The “one-child” policy comes to an end in China

By Isadora Linheira


On Thursday, Oct. 29, China announced it would allow all married couples to have two children, bringing an end to the “one-child” policy after 35 years.

The policy has been blamed for skewing the gender balance, forcing women to have unwanted abortions and creating a rapidly-aging workforce.

The decision was the most significant easing of strict population policies that were long considered some of the ruling Communist Party’s most onerous intrusions into family life and had been gradually relaxed in recent years. Many rural families and some urban ones already were able to have two children.

The party’s Central Committee stated that the decision was “to improve the balanced development of population” and to deal with an aging population. The official Xinhua News Agency said the proposal must be approved by the top legislature before it is enacted, which is essentially a formality. However, it gave no indication of when that would happen.

The first problem that comes to mind is the possible baby boom occurrence, but it doesn’t seem to be a problem for China, in part because fertility rates are believed to be declining even without the policy’s enforcement. As the policy was slightly relaxed previously, the one-child policy has spurred fewer births than expected, and the ideal of family for China’s young generation seems to have changed, with the smaller family as the new “normal.”

Demographers worry the change will not be in time to reverse the declining fertility rate, however.

In recent years, it has been unusual for such plenary sessions to result in major decisions. They generally focus on economic topics, and there was no indication that this one would take action on the one-child policy.

To have a better understanding, China has the world’s largest population at 1.4 billion people, which made the country introduce the one-child policy in 1979 as a temporary measure to curb a then-surging population and limit the demands for water and other resources. Soon after it was implemented, rural couples were allowed two children, only if their firstborn was a girl. Ethnic minorities were also allowed more than one child.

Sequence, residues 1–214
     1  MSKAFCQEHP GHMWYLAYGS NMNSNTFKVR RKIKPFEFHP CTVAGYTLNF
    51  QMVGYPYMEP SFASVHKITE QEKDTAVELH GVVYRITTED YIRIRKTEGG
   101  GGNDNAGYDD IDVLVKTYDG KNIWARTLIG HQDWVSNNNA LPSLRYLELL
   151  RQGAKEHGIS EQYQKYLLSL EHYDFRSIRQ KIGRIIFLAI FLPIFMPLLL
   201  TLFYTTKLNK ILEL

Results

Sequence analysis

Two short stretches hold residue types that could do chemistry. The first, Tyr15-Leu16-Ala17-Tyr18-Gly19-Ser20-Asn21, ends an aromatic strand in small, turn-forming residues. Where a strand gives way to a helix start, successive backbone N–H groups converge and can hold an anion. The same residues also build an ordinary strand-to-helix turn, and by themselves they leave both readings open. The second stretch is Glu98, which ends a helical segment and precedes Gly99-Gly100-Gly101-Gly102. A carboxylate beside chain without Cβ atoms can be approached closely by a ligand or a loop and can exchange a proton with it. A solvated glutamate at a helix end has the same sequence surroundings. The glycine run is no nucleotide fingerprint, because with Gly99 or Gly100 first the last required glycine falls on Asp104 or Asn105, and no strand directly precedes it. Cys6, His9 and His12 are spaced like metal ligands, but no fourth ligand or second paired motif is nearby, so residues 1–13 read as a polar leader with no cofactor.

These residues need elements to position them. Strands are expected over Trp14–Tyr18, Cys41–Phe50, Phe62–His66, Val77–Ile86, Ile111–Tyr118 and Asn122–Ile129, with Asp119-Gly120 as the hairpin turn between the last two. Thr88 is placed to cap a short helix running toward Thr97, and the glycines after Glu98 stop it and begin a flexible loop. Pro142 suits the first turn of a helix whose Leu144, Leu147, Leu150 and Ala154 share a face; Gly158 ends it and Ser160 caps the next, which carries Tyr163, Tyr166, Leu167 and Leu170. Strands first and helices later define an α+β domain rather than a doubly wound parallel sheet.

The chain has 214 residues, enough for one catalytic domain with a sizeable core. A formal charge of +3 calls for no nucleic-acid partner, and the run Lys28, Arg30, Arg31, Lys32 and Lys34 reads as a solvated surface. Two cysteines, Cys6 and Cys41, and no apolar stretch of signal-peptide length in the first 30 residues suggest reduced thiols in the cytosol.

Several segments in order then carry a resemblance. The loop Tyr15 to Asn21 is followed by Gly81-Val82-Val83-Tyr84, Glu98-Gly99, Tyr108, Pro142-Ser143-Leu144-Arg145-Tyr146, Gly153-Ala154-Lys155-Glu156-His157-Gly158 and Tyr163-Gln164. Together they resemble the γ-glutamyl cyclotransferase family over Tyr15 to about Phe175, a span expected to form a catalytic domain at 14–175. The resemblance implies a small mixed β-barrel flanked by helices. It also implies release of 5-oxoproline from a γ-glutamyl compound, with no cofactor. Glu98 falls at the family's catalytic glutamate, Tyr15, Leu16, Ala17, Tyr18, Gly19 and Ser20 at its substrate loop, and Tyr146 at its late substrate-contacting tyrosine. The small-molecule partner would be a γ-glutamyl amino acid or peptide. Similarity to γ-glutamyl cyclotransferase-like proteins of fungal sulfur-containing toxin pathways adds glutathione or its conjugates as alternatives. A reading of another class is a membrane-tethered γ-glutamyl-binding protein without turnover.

The sad reality also came with the one-child policy for many Chinese families who have a strong preference for boys to abort female fetuses, in order to have a chance to have their baby boys, since they were prohibited to have more than one child. Such practice has upset the ratio of male to female babies. China has rates of up to 115 boys per 100 girls at birth – compared with what are considered normal rates at birth of about 107 boys to 100 girls.

The imbalance also brings another social issue; it makes it difficult for some men to find wives, and is believed to fuel the trafficking of women as brides to China.

The couples who broke the rules were punished by being forced to pay a fee in proportion to their income, which in some cases caused rural families to see their livelihood in the form of their pigs and chickens taken away. Local family planning officials also are accused of pressuring couples to consent to abortions or sterilization, or threatened them with the loss of their jobs if they worked as teachers or in other public sector jobs.

Amnesty International said Chinese women remain at risk of forced abortions and intrusive forms of contraception. “The move to change China’s one-child policy is not enough. Couples that have two children could still be subjected to coercive and intrusive forms of contraception, and even forced abortions – which amount to torture,” William Nee, China Researcher at Amnesty International, said in a statement.

Back in November 2013, the Communist Party announced it would allow couples to have two children if one of the parents was a single child. However, with the implementation of the new decision, all the restrictions limiting couples to have only one child will be removed. According to many Chinese citizens the end of the policy is a proof of respect towards citizens. They believe it must be a private decision of the families to decide how many children they want to have, and their wish must be respected.

The government credits the one-child policy with preventing 400 million births and helping lift countless families out of poverty by easing the strain on the country’s limited resources. On the other hand, many demographers argue the birthrate would have fallen anyway as China’s economy developed and education levels rose.
The fall in the birthrate has pushed up the average age of the population and demographers foresee a looming crisis because the policy reduced the young labor pool that must support the large baby boom generation as it retires.

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